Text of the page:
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Home :: Archive :: 2009 :: March ::
Announcing Cook's Tours
The Shakespeare Conference: SHK 20.0092  Tuesday, 3 March 2009

From:       Hardy M. Cook <
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Date:       Tuesday, March 03, 2009
Subject:    Announcing Cook's Tours

The other day I expressed an interest in developing a series of 
monographs that I would distribute on SHAKSPER, exploring Internet 
resources of interest to Shakespeareans and those who study the Early 
Modern Period.

I was looking for an outlet for sharing some of the Internet references 
and other materials I have gathered over the years for my teaching and 
for my scholarship as well as providing me the excuse to continue with 
my electronic-world-packrat ways and the resulting pleasure of the 
pursuit, the discover, and the examination of my findings.

I also asked for suggestions for a catchy name for this activity. I 
thoroughly enjoyed all of the possibilities sent to me and thank 
everyone who took the time to write, but the suggestion that immediately 
struck me as being just right was David Evett's "Cook's Tour." So, 
today, I officially begin Cook's Tours an introduction to what I have in 
mind.

I have decided to establish a section on the SHAKSPER website to store 
these digests and include the Sunday evening's SHK 20.0082: Instructions 
for Accessing the Folger Shakespeare Library's Digital Image Collection 
and the Shakespeare Quartos Archive. Having a section on the website 
will enable me to do an addition proofing and polishing of the 
monographs as needed.

I have explained that activity would enable me to explore in detail 
resources I mentioned in my essay for SH@KESPEARE IN THE MEDIA and 
others I am encountering almost daily.

As I compose this note, I am reminded of two activities from my past, 
activities that may be driving my desire to undertake this project.

When I was an undergraduate in the mid- to late-1960s (yes, I am a baby 
boomer and a hippie), I recall that I used to budget approximately five 
days in the library every time I had to write a research paper for 
developing my working bibliography. I would take index cards, a half 
dozen sharpened pencils, and a bottle of aspirin and I would sit down at 
the index table with the blue-bound volumes of the PMLA bibliography. I 
would start with the earliest indexes from the first years of the 
twentieth-century as I recall and start turning pages slowing, carefully 
examining the entries for books and articles that might be relevant to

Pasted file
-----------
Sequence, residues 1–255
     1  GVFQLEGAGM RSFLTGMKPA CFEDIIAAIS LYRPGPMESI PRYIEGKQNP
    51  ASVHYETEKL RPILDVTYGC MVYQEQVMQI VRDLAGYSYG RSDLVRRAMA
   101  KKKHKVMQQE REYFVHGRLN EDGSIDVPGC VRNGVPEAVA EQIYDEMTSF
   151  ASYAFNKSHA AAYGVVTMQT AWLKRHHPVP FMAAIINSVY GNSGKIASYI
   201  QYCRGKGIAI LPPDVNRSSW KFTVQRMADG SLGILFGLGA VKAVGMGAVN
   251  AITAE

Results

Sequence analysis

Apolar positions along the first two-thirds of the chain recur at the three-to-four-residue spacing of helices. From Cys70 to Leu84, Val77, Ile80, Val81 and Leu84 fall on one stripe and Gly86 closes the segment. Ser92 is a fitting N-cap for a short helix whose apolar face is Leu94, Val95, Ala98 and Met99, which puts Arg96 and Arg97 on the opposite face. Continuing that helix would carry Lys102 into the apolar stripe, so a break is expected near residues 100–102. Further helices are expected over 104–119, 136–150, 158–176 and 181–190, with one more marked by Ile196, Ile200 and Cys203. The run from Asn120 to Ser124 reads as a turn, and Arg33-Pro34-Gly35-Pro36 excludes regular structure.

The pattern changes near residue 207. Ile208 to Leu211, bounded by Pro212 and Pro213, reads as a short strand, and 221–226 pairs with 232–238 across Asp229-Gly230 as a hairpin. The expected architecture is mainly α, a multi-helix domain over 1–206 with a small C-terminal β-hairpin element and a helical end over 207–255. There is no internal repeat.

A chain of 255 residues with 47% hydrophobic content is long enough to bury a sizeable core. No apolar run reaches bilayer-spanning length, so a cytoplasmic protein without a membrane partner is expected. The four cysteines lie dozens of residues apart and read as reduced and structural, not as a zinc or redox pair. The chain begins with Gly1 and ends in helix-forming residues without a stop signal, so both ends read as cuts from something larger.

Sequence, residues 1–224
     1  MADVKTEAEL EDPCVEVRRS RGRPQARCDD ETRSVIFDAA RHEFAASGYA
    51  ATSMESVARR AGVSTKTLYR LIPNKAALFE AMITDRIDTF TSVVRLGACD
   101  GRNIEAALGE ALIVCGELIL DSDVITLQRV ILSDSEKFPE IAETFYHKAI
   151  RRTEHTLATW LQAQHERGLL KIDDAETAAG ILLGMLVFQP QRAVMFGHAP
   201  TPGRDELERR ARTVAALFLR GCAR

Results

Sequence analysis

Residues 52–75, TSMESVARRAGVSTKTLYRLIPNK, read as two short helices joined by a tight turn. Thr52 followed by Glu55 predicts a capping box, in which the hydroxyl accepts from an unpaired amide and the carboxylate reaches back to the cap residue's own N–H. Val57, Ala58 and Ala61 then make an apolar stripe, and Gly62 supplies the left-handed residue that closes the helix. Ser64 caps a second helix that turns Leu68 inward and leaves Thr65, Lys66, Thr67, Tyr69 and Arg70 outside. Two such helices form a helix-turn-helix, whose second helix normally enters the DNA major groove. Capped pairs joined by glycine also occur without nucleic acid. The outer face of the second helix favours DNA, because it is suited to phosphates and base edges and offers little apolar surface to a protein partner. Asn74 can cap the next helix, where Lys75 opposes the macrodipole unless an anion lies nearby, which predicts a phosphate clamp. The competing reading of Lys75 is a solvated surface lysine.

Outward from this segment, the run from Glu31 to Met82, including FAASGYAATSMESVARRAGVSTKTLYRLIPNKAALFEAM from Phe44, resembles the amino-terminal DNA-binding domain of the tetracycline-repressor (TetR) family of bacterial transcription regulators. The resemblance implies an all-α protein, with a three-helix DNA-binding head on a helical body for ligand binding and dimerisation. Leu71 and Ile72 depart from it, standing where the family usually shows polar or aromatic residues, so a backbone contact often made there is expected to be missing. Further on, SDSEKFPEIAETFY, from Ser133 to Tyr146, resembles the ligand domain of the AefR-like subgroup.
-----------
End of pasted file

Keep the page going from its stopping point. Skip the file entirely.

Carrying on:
my current project. Five days later with a raging headache, I would 
reach the unbound volumes of the 1960s and I was done. Now, I sit down 
at my computer with my Z39.50 Internet Compliant Bibliographic 
Management Software, EndNote, and in ten or fifteen minutes I will have 
performed a more comprehensive search than I thought possible when I was 
an undergraduate. I shall dedicate, at least, one upcoming Cook's Tour 
to bibliographic management software.

After I completed my Ph.D., I participated in a N.E.H. Humanities 
Institute at the Folger Library on "Shakespeare and the History of 
Taste," conducted by Professor Joseph G. Price of Pennsylvania State 
University. The Seminar was designed to explore the reception of 
Shakespeare's works as well as to introduce to the participants the 
wealth of resources available for their use. One activity I undertook 
was to trace the reception of Sonnet 20, "A Womans face with natures 
owne hand painted," the Master Mistris Sonnet. I began with a facsimile 
of the sonnet from Q1, the Aspley Imprint, at the Folger Library, and 
then with my trusty Radio Shack Tandy 100, first generation laptop 
computer, I was set out to transcribe the sonnet as it appeared in 
print, noting all changes. I next turned to the notorious 1640 edition 
of the Poems, published by Benson. I moved to Nicholas Rowe's edition of 
1709 published by Jacob Tonson. Rowe was Shakespeare's first editor, but 
his six-volume edition does not contain the sonnets or the narrative 
poems, only the plays. In 1710, Edmund Curll published the poems in an 
unauthorized seventh edition, in a volume in the same style as Rowe's 
six. My examination continued through the great eighteenth-century 
editions: Pope, Theobald, Hanmer, Warburton, Johnson, Capell, Steevens, 
Reed, and Malone. I loved working my way through the "modern" stacks, 
examining and studying these volumes.

Now, with the help of Terry Gray's Shakespeare's Works 
<http://shakespeare.palomar.edu/works.htm> and Shakespeare's Editor's 
<http://shakespeare.palomar.edu/Editors/> pages and thanks to the Google 
Books Project, The Internet Archives, Microsoft, and others, I have a 
virtual library on my hard drive of photo-facsimiles of most of these 
great editions, subjects to be covered upcoming editions of this feature.

With Cook's Tours, I will share my knowledge of all things geekish as 
well as the rapidly increasing resources on the Internet that can be 
used in the pursuit of Shakespeare and Early Modern scholarship.

Welcome aboard,
Hardy M. Cook
Editor of SHAKSPER


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